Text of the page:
6-3. Ensure Funds Appropriated by the Common Council are Used as Intended: The Green Party supports a change in the Charter for the City of Syracuse to remove the power of the Mayor to impound funds appropriated by the Common Council in the annual budget.
6-4. Institute a Progressive Local Income Tax: The Green Party urges adoption of a progressive local income tax, similar to the New York City and Yonkers income taxes, at the County level with a fair sharing of revenues between the county and its municipalities and school districts. Pending adoption of a progressive county income tax and revenue sharing, the City of Syracuse should seek New York State approval to levy a tax on income earned by residents and commuters to offset the regressive tax on properties (where about 50% of city properties are exempt) and generate revenue from commuters who use city infrastructure and services while working at tax-exempt governmental, higher education, and health care institutions.
6-5. Institute Progressive Property Tax Reforms: The Green Party calls for progressive reforms of the City property tax to prevent low-income people, including low income working people and families and retirees, from being forced to leave their homes due to property tax burden.
6-5a. Establish Progressive Property Tax Rates: We support establishing progressive rates based on the total value of each property owner's real estate, with reduced rates for farms.
6-5b. Institute a Property Tax Circuit Breaker: We support implementation of a property tax circuit breaker that would limit the percent of income one must pay in property taxes to protect homeowners with limited and fixed incomes from being unduly burdened by property tax.
6-5c. Establish a Renter's Property Tax Rebate: We support employing a rebate program that limits the percent of one's income one must pay in property taxes through rents, which include property taxes passed on by landlords.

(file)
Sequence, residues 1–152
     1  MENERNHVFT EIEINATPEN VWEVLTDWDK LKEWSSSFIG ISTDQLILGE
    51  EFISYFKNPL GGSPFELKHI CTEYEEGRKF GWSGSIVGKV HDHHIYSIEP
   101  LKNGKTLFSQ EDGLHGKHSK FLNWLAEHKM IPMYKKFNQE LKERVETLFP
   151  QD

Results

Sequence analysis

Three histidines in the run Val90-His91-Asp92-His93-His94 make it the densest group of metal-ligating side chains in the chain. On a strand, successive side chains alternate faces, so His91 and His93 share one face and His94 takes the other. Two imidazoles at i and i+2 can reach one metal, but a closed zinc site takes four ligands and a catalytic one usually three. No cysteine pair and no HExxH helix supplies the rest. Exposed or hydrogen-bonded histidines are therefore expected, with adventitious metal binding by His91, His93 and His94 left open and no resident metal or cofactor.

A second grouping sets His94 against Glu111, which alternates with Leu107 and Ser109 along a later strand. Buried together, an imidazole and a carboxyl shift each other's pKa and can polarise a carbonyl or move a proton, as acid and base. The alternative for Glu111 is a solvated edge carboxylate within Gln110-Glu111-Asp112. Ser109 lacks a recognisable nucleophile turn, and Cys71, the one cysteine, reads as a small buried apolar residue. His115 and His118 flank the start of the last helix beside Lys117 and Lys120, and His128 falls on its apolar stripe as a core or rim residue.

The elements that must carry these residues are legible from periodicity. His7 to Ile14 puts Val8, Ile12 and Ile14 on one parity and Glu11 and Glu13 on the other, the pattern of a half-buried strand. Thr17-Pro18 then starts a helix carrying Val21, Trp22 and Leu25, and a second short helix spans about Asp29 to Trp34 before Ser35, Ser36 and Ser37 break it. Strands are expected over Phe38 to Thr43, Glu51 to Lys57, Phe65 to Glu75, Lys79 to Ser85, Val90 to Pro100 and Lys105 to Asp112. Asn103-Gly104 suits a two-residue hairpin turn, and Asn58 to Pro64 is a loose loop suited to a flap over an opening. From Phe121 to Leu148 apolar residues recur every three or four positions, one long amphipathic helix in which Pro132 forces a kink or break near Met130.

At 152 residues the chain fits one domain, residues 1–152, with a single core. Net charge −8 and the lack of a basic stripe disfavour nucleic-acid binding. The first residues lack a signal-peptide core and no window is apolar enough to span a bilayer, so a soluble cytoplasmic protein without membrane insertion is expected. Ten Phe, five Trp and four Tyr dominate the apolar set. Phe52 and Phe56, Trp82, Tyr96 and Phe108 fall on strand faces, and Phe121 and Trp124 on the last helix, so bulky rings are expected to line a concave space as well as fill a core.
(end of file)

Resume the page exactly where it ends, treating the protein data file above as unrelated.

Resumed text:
6-5d. Use Land Value Taxation: The Green Party advocates allocating funds to study the viability of employing land value taxation as a tool to reform local property taxes. Land value taxation levies taxes based upon the market value of land but not its improvements (homes and businesses). The purpose of land value taxation is to restrict property taxes to the unearned income derived from appreciation of all land in the community, which reflects social investments in good schools, parks, and other infrastructure and amenities, not the actions of the owner. By discouraging speculative investment in abandoned city lots and buildings and sprawl, land value taxation stimulates inner city redevelopment and encourages compact development, supporting the anti-sprawl goals of city and county development plans. Because land ownership is far more concentrated than the ownership of home and business assets, land value taxation tends to make the property tax progressive.
6-5e. Move Toward Utilization of User Fees for Direct City Services: The Green Party calls for a restructuring of the City tax bill to re-categorize direct services, such as road repair and maintenance and trash collection, as user fees paid by all property owners, and the establishment of a user fee for municipal take-over of sidewalk maintenance and repair, including sidewalk snow removal.
6-6. Cut Sales Tax: The Green Party supports cutting the sales tax. Sales taxes are the most regressive local tax that hits poor and working people hardest. Sales tax revenues should be replaced with more progressive taxes, such as progressive income and property taxes.
6-7. Institute Eco Taxes: The Green Party calls for selective local eco-taxes on environmentally harmful products, pollution, and waste. Revenues from eco-taxes should be used to fund public services and reduce the regressive county sales tax. For example, the Onondaga County Resource Recovery Agency could be authorized to charge an eco-tax on trash headed for the incinerator on a “pay as you throw” fee schedule, scaled to the amount of waste put out for collection. This eco-tax would compensate OCRRA for lost revenue from burning trash and encourage households and businesses to reduce waste. Another example could be a county gasoline tax to supplement the Central New York Regional Transportation Authority (Centro) budget, improving our public transportation system and providing an incentive for commuters to use public transportation instead of private cars, thus reducing traffic, air pollution, and road maintenance costs.
6-8. Demand Resources to Comply with Mandate Requirements: The Green Party urges the City of Syracuse and Onondaga County to demand financial compensation from the federal and state governments for the costs of compliance with federal and state mandates.
6-9. Accept NYS Pension Smoothing: The Green Party calls for the City of Syracuse and the Syracuse School District to accept the pension stabilization plan approved in the 2013-14 state budget. The plan allows local governments and school districts to opt in to a payment plan that amortizes their costs for current pension payments over a 12-year period. It is similar to a plan put in place by the New York State Comptroller three years ago. The plan is reviewed periodically to ensure the payments are not too high or too low to meet expected costs. The pension stabilization plan also facilitates long term budget planning.